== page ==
We use essential cookies to make our site work. We'd also like to set analytics cookies that help us make improvements by measuring how you use the site. These will be set only if you accept.

For more detailed information about the cookies we use, see our cookies page.

Essential Cookies

Essential cookies enable core functionality such as security, network management, and accessibility. For example, the selections you make here about which cookies to accept are stored in a cookie.

You may disable these by changing your browser settings, but this may affect how the website functions.

Analytics Cookies

We'd like to set Google Analytics cookies to help us improve our website by collecting and reporting information on how you use it. The cookies collect information in a way that does not directly identify you.

Third Party Cookies

Third party cookies are ones planted by other websites while using this site. This may occur (for example) where a Twitter or Facebook feed is embedded with a page. Selecting to turn these off will hide such content.

Skip to main content


Click here for the Wellington Bowling Club Bowlr login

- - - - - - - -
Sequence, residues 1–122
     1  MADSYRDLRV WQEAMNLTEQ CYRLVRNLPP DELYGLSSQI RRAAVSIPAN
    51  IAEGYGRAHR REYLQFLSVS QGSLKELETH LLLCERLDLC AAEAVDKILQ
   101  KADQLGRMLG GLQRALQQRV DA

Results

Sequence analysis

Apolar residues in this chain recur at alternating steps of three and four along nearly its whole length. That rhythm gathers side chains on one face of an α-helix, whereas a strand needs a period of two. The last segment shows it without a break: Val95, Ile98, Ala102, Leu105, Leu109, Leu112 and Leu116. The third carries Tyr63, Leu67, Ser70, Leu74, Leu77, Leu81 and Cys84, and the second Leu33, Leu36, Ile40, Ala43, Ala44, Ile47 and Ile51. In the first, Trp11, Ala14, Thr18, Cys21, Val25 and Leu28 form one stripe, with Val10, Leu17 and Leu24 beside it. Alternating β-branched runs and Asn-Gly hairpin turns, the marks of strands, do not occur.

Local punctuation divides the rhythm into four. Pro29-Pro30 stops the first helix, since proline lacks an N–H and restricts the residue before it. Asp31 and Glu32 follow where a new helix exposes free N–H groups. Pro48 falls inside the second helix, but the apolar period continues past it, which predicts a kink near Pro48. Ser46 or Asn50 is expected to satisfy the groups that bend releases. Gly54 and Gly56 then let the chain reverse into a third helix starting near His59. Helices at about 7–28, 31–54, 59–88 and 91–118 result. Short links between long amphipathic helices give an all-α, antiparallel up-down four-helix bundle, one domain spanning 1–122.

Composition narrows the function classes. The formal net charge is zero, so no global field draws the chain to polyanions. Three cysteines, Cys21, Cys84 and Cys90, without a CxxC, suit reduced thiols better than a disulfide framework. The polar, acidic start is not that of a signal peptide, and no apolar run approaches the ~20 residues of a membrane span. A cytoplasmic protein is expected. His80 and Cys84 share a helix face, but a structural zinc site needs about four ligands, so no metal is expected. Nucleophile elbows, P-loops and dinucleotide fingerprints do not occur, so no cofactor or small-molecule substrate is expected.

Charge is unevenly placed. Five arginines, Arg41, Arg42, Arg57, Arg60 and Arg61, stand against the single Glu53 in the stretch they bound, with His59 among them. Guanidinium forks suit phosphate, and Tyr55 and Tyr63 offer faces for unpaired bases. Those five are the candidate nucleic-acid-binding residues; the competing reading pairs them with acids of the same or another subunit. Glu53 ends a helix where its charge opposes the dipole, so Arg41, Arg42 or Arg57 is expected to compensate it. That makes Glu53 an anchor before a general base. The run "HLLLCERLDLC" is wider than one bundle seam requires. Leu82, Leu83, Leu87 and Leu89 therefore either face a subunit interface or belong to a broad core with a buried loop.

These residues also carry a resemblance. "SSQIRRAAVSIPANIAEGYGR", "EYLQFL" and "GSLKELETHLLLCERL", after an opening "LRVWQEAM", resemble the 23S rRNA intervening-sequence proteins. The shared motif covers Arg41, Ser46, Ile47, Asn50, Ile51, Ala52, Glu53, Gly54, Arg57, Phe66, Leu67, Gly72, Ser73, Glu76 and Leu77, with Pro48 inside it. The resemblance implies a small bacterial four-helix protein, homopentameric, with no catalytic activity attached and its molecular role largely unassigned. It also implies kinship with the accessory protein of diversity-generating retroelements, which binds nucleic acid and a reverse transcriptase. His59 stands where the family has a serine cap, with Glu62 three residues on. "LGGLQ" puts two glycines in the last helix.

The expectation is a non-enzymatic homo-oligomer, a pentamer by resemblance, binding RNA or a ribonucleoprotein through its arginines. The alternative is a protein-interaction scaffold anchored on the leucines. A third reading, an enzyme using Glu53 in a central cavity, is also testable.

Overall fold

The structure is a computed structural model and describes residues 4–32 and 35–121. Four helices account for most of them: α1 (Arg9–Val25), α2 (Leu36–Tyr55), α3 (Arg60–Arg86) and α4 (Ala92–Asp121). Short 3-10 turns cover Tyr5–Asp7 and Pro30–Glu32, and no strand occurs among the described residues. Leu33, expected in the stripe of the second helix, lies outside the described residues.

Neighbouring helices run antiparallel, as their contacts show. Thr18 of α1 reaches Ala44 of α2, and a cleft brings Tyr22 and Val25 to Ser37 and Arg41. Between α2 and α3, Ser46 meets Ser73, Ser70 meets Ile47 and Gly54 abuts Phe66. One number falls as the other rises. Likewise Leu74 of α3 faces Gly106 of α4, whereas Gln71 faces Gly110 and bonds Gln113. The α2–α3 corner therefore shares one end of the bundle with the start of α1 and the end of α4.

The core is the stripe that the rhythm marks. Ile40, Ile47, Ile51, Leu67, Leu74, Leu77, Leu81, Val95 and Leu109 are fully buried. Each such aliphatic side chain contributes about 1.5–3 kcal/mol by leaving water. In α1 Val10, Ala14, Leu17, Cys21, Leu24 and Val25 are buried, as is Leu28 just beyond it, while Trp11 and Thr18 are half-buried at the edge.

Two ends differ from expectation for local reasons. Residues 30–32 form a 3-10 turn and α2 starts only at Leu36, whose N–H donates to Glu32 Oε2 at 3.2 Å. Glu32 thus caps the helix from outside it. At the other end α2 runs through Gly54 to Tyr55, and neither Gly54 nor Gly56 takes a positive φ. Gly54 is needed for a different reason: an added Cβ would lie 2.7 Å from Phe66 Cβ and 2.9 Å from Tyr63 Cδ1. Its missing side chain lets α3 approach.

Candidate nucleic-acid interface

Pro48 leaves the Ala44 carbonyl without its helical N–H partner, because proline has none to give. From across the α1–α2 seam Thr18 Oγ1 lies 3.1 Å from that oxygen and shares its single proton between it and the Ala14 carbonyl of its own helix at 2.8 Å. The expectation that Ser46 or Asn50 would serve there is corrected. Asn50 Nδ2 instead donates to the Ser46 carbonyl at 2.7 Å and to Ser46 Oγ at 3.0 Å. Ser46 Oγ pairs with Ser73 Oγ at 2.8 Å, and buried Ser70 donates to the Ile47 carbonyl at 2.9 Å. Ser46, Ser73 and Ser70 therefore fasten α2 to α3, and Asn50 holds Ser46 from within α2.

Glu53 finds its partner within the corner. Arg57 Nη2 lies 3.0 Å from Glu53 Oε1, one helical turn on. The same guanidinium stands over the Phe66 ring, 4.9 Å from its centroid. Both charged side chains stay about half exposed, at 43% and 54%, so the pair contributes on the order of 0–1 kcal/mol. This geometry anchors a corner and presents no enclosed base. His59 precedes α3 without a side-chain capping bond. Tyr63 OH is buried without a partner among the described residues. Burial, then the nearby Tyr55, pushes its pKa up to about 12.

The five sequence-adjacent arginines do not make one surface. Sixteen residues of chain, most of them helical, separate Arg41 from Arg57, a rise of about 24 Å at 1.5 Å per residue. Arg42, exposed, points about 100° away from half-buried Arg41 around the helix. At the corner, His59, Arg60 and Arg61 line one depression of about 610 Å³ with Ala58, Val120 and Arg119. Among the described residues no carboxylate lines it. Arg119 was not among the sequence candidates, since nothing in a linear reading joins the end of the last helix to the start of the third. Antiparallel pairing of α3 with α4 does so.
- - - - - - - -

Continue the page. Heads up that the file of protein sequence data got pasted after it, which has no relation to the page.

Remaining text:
Lawn bowls can claim to be the oldest sport still being played in the UK. The first set of rules to be published was in 1670 by none other than King Charles II. This is some 70 years before rules for golf or cricket were first published. Several clubs claim to be the oldest, there is evidence that the green used by Southampton (Old Bowling Green) Bowls Club was first used in 1187 with the first game of bowls (played to similar rules used now) in 1299. However, there is still some debate between sports historians with the earliest categorical evidence of bowls being played circa 1500. It was around this time the game took off in popularity being played by all classes of men, often associated with large sums of money wagered on the outcome of games. There have been periods in history when bowls has been banned from being played by the “working” man. In the 16th century it was considered an unwelcome distraction from the strategically essential archery practice, then in the 17th and 18th century the church intervened to have playing of the game banned on the Sabbath. There is a famous story that Sir Francis Drake insisted on finishing his game of bowls at Plymouth Hoe before taking on and defeating the Spanish Armada in 1588. William Shakespeare (1564-1616) makes several mentions of Bowls (or bowles) in his poems and plays, including Cymbeline, King Lear and Hamlet. In 1850 William Mitchell, a Glaswegian solicitor, drew up a set of rules which were incorporated by the Scottish Bowling Association, on its formation, in 1892. It is these rules that are the basis for the current "Crystal Mark v3.2" rules. Incidentally these rules were adopted in 1903 by the English Bowling Association, which succeeded the Imperial Association, under the leadership of the famous W. G. Grace, followed closely by the Welsh and Irish associations, and most importantly the International Bowling Board. The name of this organisation was changed to the World Bowls Board and subsequently to World Bowls Ltd.